While we are in favor of increased consistency and quality of supervision it is of paramount importance, that such efforts duly respect and serve the diverse landscape of financial business models. Appendix 1 includes examples of specific issues to be adresses with respect to Danish mortgage banks.
Tools of harmonization
In general, peer-group analysis, clearly being a powerful tool of harmonization, quite naturally is endorsed in the guidelines. Yet, peer-group analysis could prove devastating to ill-categorized institutions.
Notably, the risk and potential adverse consequences due to inappropriate groupings of institutions, by virtue of peer-group analysis, further would be magnified, if applied across regions/nations. All else in concert, application of quantitative benchmarking for peer-group analysis, also could further amplify such unintended effects.
Enhanced supervisory scope
Another crucial aspect which needs to be addressed is the decision to link the on-going supervision with the recovery and resolution regime. Inevitably this decision enhances the potential impact of the outcome of the SREP, due to the intentions and potentially far-reaching consequences of the latter regime. In practice, the supervisory scope is expanded into areas within strategic planning, organization and general managerial decision making.
Generally speaking, we are uneasy in enhancing supervisory assessments beyond regulatory compliance, especially in combination with the far reaching supervisory measures available for remediation. In our view, the viability of, operating and compliant, financial business models most effectively are assessed and regulated by the general market forces.
Risk of standardization
A law of regulation seems to be, that the more severe the consequences a piece of regulation might induce, the higher the risk, that the regulation in practice becomes normative to a non-desirable degree.
Therefore, great care should be taken that the SREP guidelines do not, directly or indirectly, impose the same (few) optimal" business structures to all members of the broad and diverse population of European financial institutions.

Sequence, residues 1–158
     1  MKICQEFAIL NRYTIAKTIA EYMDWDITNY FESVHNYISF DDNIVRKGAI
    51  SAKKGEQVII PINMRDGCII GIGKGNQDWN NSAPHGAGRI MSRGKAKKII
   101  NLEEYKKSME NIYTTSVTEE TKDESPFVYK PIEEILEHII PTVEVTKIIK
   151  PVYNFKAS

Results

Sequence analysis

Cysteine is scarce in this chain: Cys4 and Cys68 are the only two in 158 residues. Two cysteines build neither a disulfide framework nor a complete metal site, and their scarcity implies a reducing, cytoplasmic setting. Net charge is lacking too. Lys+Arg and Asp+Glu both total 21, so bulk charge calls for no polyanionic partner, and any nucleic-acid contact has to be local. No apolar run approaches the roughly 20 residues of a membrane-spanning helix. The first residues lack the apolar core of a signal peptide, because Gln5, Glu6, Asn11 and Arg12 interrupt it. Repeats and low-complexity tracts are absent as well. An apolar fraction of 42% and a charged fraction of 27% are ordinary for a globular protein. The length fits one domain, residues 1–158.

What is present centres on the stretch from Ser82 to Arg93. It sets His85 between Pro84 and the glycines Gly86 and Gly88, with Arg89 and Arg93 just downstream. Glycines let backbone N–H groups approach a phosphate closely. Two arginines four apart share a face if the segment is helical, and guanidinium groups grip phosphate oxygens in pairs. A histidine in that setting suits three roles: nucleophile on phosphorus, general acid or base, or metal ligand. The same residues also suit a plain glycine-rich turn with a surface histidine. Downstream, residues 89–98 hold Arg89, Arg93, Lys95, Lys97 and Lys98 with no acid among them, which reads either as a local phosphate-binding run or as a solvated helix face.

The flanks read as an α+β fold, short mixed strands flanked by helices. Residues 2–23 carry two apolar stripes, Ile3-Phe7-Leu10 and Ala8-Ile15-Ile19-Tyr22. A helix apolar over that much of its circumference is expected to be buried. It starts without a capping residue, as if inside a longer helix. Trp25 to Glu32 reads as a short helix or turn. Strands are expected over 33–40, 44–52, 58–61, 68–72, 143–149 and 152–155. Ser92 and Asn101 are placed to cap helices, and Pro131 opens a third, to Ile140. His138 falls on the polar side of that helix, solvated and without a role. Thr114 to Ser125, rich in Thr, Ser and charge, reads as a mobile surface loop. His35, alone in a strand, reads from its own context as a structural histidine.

The SREP guidelines take its starting point in the recently implemented- or coming regulatory framework - with a view to add-ons. Currently, considerable resources are allocated in the financial sector in adapting to the new prudential requirements.
On this backdrop we strongly suggest, that the SREP guidelines should await the outcome of the recently adopted regulation, before looking into additional measures and guidelines. In example, new monitoring requirements should be modeled within the boundaries of available information in the form, and aggregation as specified in COREP/FINREP.
Examples of issues to be addressed specifically with respect to Danish mortgage banks.
• Funding risk
In the assessment of the inherent funding risk to the financial institution (page 130) it is detrimental to Danish mortgage banks, that the principle of matching where all loans are matched with certain bonds, to which all Danish mortgage banks must adhere, is appropriately acknowledged. Even for Danish adjustable-rate mortgages funding risk is minimal, due to recent Danish legislation requiring if the refinancing fails the bonds will be extended by one year at a time.
Similarly, these basic principles of the Danish Mortgage Model, applying immediate, full and automatic transmission of all funding costs to the borrowers, need to be ap-propriately addressed, when assessing the risk to the institution's cost of funding.
Given the low risk and low return properties of the Danish Mortgage Model, it is essential to Danish mortgage banks to reap the benefits of scale. Therefore, Danish mortgage banks, basically, are conflicting with the concept of a simple leverage ratio - especially if applied universally within European financial institutions. Corre-spondingly, Danish mortgage banks will score very low on the assessment of the risk of excessive leverage, as described on page 118-119 in the draft guidelines. It therefore crucial, that the properties of the Danish Mortgage Model are taken into consideration when assessing the leverage risks of Danish mortgage banks.
• Concentration of funding sources and dependency on wholesale funding
By construction, Danish mortgage banks only funds mortgage lending through wholesale funding. Danish mortgage banks are not allowed to hold deposits. Actually, the absence of diversification on the funding side enhances the security of Danish Mortgage Model, while at the same time failing, when assessed strictly with respect to the risk of concentrated funding sources - especially in the light of the post-crisis focus on a reduction on dependency on wholesale funding. For example, the Danish mortgage banks were able on a daily basis to issue and sell large volumes of covered bonds during the financial crisis in 2008-2009.